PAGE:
That’s what the teachers and others were saying. They’re like, “We’re doing the best we can to give them what we’ve got. We’re doing the best job. We’re teaching. We show up. We show up on time. We’re ready to teach. Is the student willing to listen? Are they willing to learn?” A lot of them will say that. They will say, “It’s tough. We don’t have the same buildings or the equipment.” I go, “You can go to Africa, Asia, etc. There’s a blackboard or a chalkboard and kids are learning.”

In China, they’re coming up and kicking our butts. There is a lot of talk around this. It’s not new. It’s been going on for a long time. This is where the radical of me finally saying, “Teacher, I believe that you want to make a difference. Let’s give you a chance. Let’s have you and some of those students go to a school that’s working.” Not just the kid but this teacher. Take the bottom 10% of all the schools in the inner city. Take all those kids, teachers and you spread them out across the entire district. Run the experiment. We’ve never tried that.

Stop making excuses. Stop saying, “If you give us some more money and some more time or whatever and we do care.” If this was the football team and that corner kept getting burned, I’m sorry, you’ve been burned 32 times. This guy set an NCAA record for touchdowns. I’m going to get a new corner. I don’t have a lot of patience for that anymore. Either you care or you don’t care. Lip service.

Want a game-changing mentality? Let’s change something. Try the experiment. I’ve never seen a major school district that said, “We’re going to close the bottom 5%, 10% or whatever the schools, redistribute those kids around to the better schools and do whatever we have to do to get them there. Give them over.” It will save you a lot of money. We spend more per child in America on high school education than 90% of the other school systems in the world. It’s not money.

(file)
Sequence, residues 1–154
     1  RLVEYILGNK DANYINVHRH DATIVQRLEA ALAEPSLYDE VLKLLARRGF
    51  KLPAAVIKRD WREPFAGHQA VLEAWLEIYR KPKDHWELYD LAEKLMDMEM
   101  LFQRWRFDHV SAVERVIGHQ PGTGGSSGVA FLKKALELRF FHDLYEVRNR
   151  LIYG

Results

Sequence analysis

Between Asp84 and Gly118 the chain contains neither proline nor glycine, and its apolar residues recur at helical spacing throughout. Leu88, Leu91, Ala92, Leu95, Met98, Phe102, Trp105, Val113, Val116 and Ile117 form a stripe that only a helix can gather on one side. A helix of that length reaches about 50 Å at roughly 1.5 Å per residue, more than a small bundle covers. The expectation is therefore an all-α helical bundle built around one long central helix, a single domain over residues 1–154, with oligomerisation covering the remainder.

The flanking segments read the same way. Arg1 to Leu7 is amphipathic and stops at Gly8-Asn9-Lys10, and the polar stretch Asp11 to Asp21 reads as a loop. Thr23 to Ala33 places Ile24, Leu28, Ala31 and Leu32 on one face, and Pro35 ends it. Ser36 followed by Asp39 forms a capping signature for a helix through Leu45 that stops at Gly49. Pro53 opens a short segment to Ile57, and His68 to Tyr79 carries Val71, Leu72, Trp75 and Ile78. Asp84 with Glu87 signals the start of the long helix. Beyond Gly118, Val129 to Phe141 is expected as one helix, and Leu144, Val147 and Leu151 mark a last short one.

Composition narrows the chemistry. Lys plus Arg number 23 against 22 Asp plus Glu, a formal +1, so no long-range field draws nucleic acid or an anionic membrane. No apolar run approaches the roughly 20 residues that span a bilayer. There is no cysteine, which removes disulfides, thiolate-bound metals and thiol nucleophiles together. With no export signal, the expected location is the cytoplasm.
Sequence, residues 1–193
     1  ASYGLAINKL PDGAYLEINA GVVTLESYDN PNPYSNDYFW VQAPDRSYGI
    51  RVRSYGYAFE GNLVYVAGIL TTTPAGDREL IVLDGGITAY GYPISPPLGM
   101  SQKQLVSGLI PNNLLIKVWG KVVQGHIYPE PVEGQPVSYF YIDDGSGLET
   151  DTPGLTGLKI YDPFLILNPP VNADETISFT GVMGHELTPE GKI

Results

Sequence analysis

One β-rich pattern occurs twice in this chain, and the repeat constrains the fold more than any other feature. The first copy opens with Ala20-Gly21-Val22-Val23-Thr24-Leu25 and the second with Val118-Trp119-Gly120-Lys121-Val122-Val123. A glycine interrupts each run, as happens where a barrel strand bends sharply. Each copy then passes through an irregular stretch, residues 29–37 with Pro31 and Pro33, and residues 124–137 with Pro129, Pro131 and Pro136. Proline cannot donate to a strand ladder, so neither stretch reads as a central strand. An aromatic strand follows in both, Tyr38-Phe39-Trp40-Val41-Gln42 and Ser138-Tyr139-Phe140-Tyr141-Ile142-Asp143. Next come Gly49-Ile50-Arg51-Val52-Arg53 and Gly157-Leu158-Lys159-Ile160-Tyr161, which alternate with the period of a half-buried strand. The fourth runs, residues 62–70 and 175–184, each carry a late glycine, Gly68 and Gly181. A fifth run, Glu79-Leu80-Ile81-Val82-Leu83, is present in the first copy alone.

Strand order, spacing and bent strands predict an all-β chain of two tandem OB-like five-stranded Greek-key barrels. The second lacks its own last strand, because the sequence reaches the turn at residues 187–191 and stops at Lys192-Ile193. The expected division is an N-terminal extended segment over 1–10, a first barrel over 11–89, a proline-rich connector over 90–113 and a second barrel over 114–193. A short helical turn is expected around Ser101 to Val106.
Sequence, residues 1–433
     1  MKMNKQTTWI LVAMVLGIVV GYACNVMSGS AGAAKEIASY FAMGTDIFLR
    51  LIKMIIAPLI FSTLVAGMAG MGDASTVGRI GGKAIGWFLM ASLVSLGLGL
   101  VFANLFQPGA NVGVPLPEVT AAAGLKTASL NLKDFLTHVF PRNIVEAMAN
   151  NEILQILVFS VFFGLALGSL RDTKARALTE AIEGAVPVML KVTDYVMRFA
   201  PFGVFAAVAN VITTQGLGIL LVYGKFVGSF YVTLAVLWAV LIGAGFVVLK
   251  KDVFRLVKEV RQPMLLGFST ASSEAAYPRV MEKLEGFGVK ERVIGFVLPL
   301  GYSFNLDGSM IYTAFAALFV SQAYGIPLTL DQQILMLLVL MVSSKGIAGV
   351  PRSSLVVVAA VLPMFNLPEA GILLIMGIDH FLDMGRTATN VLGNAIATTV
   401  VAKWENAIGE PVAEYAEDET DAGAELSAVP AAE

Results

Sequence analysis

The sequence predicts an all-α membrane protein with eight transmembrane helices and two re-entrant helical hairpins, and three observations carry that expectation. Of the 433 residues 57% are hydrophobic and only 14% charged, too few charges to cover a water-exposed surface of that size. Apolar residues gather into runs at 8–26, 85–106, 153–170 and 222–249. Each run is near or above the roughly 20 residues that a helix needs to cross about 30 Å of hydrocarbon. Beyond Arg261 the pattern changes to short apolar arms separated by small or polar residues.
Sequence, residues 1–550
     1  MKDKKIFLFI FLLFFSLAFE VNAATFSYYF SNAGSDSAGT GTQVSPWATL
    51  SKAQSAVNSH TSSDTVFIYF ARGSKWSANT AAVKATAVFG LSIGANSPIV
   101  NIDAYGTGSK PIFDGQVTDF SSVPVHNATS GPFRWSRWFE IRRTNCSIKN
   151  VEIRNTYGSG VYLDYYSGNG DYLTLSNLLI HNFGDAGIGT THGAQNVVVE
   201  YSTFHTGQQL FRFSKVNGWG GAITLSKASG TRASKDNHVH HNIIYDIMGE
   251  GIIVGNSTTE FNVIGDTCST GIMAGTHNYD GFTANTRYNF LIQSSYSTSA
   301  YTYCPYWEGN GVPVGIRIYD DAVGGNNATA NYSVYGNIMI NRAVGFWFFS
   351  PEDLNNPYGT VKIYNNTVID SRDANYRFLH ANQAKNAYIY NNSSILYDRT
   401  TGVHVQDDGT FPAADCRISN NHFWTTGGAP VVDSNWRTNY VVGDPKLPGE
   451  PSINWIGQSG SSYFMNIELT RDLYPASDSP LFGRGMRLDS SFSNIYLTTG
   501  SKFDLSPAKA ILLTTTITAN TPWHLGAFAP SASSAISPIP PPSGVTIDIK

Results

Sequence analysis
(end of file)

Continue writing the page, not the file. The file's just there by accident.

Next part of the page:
You let Little Johnny only pass three courses and you gave him a degree. You gave him his diploma. That’s not Johnny’s fault. Mama was called one time by the counselor, who said, “Little Johnny’s not doing good.” Mama was working three jobs and she’s like, “What? He’s passing. He’s going to graduate.” He is but he can’t read.

It has to be here, David. It has to be in the heart. It’s the only way we’re going to heal. You have to want change in your heart. You have to care not about yourself but about other people.

Do the right thing.

We need more of that higher level, in my opinion.

Your point about it becoming top-down is important but also, we’re the customer. The people are the customer and the customer has to say something. The leader serves us, theoretically. That was the great experiment with the American Revolution. It’s like, “King George, you don’t own me. I own you. You work for me.”